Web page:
Césars 2017

César Looks to Oscar for Inspiration

March 1, 2017By Nick HammondWhat's New Art & Culture
Isabelle Huppert excelled in Mia Hansen-Løve’s “L’Avenir,” a film that was inexplicably ignored by the Césars.

Who needs the Oscars when you can have the Césars? The immediate answer is that the organizers of the Césars themselves seem to be the ones who can’t do without their American equivalent. Like the British Oscars – the BAFTAs – the Césars ceremony has in recent years been rescheduled to come just before the Oscars, presumably to appear more relevant, and blatantly copies the format and tone of the Oscar presentation (jokey comedian as host/canned repartee from the presenters before an award is announced, etc.). It seems regrettable that the European ceremonies are so in thrall to the big-money pulling power of Hollywood, but I guess that is inevitable.

Of the various winners, Isabelle Huppert’s César for best actress as a rape victim in Elle was perhaps the most predictable. I personally thought that Huppert’s role in Mia Hansen-Løve’s wonderful L’Avenir (Things to Come), a movie that inexplicably did not receive any nominations, was much more deserving of the prize, but it is a good thing that Huppert is receiving worldwide recognition for her continuing excellence. The fact that Elle also won the prize for best film was both less expected and controversial. As Heidi Ellison wrote in her original review of the film, the extreme sexual violence and inauthentic portrayal of the central female character made her think that only a man could have been responsible for making such a film.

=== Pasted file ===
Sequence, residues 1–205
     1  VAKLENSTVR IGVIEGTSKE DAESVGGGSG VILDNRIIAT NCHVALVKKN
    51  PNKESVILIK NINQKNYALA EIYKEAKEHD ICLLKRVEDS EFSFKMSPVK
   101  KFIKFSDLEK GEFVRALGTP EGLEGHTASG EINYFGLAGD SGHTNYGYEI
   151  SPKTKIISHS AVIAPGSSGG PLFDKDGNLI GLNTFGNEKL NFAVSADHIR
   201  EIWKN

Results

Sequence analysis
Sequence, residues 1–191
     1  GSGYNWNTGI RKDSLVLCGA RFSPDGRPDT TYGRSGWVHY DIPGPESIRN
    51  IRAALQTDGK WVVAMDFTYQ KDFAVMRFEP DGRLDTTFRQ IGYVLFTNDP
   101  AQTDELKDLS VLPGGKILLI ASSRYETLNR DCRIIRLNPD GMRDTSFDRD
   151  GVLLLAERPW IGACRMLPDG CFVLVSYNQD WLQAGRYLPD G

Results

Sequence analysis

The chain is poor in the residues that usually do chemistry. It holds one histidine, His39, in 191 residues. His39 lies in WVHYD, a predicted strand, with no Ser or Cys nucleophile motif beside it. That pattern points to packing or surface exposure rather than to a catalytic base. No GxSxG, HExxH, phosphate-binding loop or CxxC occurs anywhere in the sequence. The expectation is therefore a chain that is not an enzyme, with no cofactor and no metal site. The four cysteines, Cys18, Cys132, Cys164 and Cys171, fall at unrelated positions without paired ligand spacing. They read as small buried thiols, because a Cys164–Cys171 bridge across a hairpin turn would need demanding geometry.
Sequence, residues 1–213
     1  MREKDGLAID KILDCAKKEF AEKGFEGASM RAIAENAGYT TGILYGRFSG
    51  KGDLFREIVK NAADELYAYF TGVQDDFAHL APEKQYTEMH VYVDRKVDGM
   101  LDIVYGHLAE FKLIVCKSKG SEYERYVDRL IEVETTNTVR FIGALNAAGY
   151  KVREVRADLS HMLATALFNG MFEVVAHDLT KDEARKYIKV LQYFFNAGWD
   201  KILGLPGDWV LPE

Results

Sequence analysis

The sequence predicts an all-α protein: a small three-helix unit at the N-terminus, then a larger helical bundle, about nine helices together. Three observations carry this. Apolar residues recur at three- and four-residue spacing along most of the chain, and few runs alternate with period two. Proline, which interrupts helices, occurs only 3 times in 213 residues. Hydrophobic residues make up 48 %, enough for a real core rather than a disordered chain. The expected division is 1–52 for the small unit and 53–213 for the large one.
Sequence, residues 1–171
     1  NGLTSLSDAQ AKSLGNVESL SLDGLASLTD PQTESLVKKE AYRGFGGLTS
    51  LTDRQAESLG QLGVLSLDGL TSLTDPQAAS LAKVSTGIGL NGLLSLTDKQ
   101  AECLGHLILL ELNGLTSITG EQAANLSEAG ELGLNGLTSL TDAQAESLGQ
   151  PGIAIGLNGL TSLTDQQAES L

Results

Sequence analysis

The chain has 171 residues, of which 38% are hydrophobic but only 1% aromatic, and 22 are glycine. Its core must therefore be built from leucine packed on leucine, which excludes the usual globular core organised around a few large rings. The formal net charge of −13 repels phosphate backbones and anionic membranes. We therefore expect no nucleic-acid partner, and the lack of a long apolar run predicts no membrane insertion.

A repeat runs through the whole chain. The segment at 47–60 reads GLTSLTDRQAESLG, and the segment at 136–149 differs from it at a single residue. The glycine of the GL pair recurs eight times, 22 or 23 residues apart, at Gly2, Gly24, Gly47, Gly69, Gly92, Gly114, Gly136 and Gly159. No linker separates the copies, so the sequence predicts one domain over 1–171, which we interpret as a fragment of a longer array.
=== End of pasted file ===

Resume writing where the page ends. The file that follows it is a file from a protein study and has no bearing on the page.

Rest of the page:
Mercifully, Paul Verhoeven, the director of Elle, did not receive the gong for best director. Instead, Canadian wunderkind Xavier Dolan won it for his gripping and stylish Juste la Fin du Monde (It’s Only the End of the World), a movie that bizarrely did not even make it onto the best film category but was nominated for and did not win the best foreign film award (won, incidentally, by Ken Loach’s searing indictment of the British benefits system, I, Daniel Blake).

I was thrilled, however, that Gaspard Ulliel received the César for best actor for his movingly delicate portrayal of a dying writer returning to his family home in Juste la Fin du Monde. To my mind, Ulliel’s acting far outstripped the somewhat colorless performance by the much-admired actor Pierre Niney in François Ozon’s Frantz (which was itself nominated in the best film and director categories).

Of the other winners, the touching Ma Vie de Courgette picked up the awards for animated film and adapted screenplay, and Houna Benyamina’s urban thriller Divines won a number of gongs, including best first film and best supporting actress (Déborah Lukumuena). The documentary prize went to François Ruffin’s Merci Patron!, a Michael Moore-esque investigation into the corporate world’s disregard for the lives of its workers (Ruffin gave a rousing speech denouncing factory relocations when he accepted the award). The César for best screenplay (given to Sólveig Anspach and Jean-Luc Gaget for L’Effet Aquatique) can only be seen as a tribute to Anspach’s memory (she died of cancer shortly after making the film), as, for all its good-natured humor, the writing and characterizations in the movie were wafer-thin.

Just to show that the Césars were not averse to a little Hollywood glamour, George Clooney was on hand to receive an honorary award. For all its kowtowing to the Oscars, the French ceremony did show that French film is still alive and kicking. Paris Update will continue to follow with interest next year’s leading contenders.


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